There are still a significant number of claimants who have not received all of their 2016 BPS payments. The latest from the RPA is that they hope to resolve these underpayments by the summer of this year.  We are using our contacts to put pressure on the RPA in this regard!

I am currently receiving instructions from clients in respect of their grasskeeping arrangements for 2018.  Most are content with their existing grazier, but there will likely be opportunities to take on additional grasskeeping.  As ever, please lodge your requirements with a member of the Agricultural team if you are looking to take on more grass.

Continuing in the same vein, graziers are reminded to ensure that the necessary permissions are in place in respect of livestock movements.  Last year a new 10-mile rule was introduced meaning livestock keepers were able to apply to register, under the same CPH number, land used within a 10-mile radius; this covered land that was used on a permanent or temporary basis.  The advantage of this is when moving livestock between parcels of land recorded under the same CPH, you do not need to record or report those movements; potentially removing the need to undertake any TB pre-movement testing.  For land used temporarily on a sole occupancy basis, livestock keepers can apply for a Temporary Land Association (TLA) or Temporary CPH (TCPH).  For those of you that applied for TLA’s or TCPH’s last year, you will receive a letter from the APHA notifying you that the arrangement is due to expire and offering the opportunity to renew. As ever, you should familiarise yourself with these rules, as breach of them could result in a penalty being levied against your BPS and Agri Environment Scheme payments.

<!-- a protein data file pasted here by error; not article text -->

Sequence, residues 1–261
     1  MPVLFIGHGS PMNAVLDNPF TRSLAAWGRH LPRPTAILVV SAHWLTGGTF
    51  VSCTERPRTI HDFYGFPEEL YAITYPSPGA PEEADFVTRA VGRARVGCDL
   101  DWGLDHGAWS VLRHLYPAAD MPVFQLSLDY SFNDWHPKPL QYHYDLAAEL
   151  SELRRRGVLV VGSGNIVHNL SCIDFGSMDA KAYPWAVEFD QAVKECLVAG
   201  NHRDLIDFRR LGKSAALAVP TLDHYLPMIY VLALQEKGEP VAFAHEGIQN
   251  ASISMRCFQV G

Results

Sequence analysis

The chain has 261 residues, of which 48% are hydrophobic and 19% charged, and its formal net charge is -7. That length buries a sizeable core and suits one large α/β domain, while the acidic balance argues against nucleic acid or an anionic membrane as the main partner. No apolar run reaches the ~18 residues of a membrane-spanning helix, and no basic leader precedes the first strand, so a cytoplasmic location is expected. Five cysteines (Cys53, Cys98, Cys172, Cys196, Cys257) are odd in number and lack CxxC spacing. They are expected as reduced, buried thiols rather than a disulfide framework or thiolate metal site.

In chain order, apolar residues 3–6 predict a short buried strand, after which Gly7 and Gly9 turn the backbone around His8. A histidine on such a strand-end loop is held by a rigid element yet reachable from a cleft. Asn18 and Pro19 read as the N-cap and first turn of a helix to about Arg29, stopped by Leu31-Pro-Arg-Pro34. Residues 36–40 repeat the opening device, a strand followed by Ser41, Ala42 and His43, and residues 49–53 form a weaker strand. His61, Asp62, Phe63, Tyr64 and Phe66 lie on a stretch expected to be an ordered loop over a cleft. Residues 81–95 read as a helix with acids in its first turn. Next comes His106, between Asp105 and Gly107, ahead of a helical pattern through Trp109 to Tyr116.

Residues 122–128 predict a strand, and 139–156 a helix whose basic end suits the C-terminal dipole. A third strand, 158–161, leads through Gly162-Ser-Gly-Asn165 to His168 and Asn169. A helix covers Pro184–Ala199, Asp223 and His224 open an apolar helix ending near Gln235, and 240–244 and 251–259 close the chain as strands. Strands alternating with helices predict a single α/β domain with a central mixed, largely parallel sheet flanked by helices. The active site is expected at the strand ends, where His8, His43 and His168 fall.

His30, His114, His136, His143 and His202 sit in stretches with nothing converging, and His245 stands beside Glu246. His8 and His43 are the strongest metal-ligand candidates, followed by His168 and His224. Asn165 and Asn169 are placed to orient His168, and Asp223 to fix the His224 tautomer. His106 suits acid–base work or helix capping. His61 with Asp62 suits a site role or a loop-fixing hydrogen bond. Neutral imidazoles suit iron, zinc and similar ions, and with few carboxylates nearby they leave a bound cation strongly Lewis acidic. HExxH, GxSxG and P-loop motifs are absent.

January also saw the introduction of the new simplified Countryside Stewardship Scheme.  This scheme aims to make the process quicker and easier in a bid to appeal to a wider range of applicants in the hope it will deliver a wide range of environmental benefits.  There are four new Countryside Stewardship offers available; online arable offer, lowland grazing offer; upland offer; and mixed faming offer.  There is a more detailed note on the ‘Recent News’ section of our website for those of you who go online.  For further information, please contact Daisy Miles or Verity Straker in the Agricultural team who will be happy to provide further information.